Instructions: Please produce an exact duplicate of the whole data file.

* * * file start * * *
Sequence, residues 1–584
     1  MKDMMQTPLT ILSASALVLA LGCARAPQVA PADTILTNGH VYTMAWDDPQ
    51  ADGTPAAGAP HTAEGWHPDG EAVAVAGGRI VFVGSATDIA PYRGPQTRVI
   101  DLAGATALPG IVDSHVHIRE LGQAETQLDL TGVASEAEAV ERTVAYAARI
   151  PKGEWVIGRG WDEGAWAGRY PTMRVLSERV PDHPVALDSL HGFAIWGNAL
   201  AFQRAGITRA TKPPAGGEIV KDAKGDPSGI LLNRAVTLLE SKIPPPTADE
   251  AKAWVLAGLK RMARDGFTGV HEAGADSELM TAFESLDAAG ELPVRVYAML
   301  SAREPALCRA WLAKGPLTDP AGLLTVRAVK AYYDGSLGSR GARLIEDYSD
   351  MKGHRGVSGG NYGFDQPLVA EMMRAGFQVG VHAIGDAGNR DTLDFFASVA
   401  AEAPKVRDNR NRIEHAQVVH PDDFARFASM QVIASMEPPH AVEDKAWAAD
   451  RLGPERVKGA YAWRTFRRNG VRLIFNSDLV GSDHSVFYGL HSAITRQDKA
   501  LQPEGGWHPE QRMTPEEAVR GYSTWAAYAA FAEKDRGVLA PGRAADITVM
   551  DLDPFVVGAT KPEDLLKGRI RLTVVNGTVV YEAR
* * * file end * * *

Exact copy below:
Sequence, residues 1–584
     1  MKDMMQTPLT ILSASALVLA LGCARAPQVA PADTILTNGH VYTMAWDDPQ
    51  ADGTPAAGAP HTAEGWHPDG EAVAVAGGRI VFVGSATDIA PYRGPQTRVI
   101  DLAGATALPG IVDSHVHIRE LGQAETQLDL TGVASEAEAV ERTVAYAARI
   151  PKGEWVIGRG WDEGAWAGRY PTMRVLSERV PDHPVALDSL HGFAIWGNAL
   201  AFQRAGITRA TKPPAGGEIV KDAKGDPSGI LLNRAVTLLE SKIPPPTADE
   251  AKAWVLAGLK RMARDGFTGV HEAGADSELM TAFESLDAAG ELPVRVYAML
   301  SAREPALCRA WLAKGPLTDP AGLLTVRAVK AYYDGSLGSR GARLIEDYSD
   351  MKGHRGVSGG NYGFDQPLVA EMMRAGFQVG VHAIGDAGNR DTLDFFASVA
   401  AEAPKVRDNR NRIEHAQVVH PDDFARFASM QVIASMEPPH AVEDKAWAAD
   451  RLGPERVKGA YAWRTFRRNG VRLIFNSDLV GSDHSVFYGL HSAITRQDKA
   501  LQPEGGWHPE QRMTPEEAVR GYSTWAAYAA FAEKDRGVLA PGRAADITVM
   551  DLDPFVVGAT KPEDLLKGRI RLTVVNGTVV YEAR